Kathleen Aspenns: [00:08:53] Yeah, and what you’re saying, that’s something that I keep reminding myself and I keep having these conversations with my clients to recognize and appreciate what we’re going through. It’s not normal times. Your capacity is not your normal capacity. In the before times, we had maybe so many hours of energy depending on our constitution and what was going on in our health and what have you. And I’m really finding that my capacity has reduced pretty significantly of the amount of focus or the amount of energy or the amount of whatever I have to spend each day. And just to recognize that that’s just what’s happening and to not beat myself up about it. And like I was saying that with client conversations, just because there’s this certain, wonderful illusion in the Western world that we’re as if we’re machines. We should just be able to produce the same amount every day of the week, every week of the year. And it does not respect that we are going through a crisis time and that we’re going through a lot of grief for what was happening before, what our lives were like, and the loss of all of our plans and the things that we were excited about doing. And a lot of those things are just gone, as well as those who have actually lost people. So just recognizing that I think is helpful because then you’re not beating yourself up, like, “Why am I not doing so much better? Why am I not having my best life right now? It’s like, well–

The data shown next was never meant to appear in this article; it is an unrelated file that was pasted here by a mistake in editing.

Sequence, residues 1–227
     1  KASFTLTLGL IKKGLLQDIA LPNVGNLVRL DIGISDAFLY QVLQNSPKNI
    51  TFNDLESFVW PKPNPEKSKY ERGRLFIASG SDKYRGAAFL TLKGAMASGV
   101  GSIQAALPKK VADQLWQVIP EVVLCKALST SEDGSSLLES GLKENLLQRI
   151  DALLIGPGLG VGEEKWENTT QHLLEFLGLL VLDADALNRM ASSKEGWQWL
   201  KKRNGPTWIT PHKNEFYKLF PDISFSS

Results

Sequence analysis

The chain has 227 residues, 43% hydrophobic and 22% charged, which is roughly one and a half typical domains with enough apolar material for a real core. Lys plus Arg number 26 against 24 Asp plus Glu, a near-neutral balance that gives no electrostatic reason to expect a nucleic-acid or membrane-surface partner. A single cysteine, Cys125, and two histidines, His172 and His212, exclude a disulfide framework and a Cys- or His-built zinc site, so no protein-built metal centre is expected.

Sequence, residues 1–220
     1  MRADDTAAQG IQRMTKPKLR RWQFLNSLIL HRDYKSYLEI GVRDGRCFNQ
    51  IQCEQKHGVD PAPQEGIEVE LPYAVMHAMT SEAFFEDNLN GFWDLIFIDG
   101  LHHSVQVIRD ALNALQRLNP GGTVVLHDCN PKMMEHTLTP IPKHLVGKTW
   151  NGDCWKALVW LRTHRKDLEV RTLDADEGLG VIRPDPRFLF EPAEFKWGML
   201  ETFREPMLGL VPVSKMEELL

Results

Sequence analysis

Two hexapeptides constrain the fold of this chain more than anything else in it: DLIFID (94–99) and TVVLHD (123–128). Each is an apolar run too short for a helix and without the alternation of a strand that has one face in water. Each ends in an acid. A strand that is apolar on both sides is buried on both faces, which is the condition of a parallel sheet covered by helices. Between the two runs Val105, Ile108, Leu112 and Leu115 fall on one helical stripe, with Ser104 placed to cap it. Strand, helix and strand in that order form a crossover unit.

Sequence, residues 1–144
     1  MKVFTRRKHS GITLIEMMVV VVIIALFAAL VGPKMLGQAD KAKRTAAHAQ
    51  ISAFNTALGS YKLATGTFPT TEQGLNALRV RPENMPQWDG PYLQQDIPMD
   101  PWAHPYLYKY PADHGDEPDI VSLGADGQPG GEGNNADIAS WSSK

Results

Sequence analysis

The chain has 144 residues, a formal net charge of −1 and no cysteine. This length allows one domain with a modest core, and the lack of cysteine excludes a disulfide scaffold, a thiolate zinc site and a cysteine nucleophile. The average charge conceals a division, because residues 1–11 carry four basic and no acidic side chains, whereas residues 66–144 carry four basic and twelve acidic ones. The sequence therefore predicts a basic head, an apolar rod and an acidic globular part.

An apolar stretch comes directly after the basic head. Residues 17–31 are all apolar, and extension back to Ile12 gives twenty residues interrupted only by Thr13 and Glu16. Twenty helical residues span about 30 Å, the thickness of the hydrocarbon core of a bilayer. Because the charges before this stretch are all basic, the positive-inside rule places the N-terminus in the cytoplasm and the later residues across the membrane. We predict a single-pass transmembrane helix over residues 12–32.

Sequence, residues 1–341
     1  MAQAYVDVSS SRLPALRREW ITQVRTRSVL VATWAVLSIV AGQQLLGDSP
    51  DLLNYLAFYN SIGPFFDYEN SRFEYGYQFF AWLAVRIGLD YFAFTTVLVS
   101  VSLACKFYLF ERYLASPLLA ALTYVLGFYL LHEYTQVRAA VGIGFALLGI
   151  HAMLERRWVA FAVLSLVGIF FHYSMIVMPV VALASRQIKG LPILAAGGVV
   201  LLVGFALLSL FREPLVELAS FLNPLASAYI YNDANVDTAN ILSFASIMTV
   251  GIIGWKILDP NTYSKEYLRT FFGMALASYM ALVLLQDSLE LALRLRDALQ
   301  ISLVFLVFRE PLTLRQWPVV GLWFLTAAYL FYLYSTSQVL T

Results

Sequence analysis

Rochana Felde: [00:10:39] Nobody is.
Kathleen Aspenns: [00:10:40] I don’t know that anybody is. So I think that’s part of resilience, too, is just recognizing like, “Yeah, it’s not great right now. It’s tough.” Everyone’s having a tough time.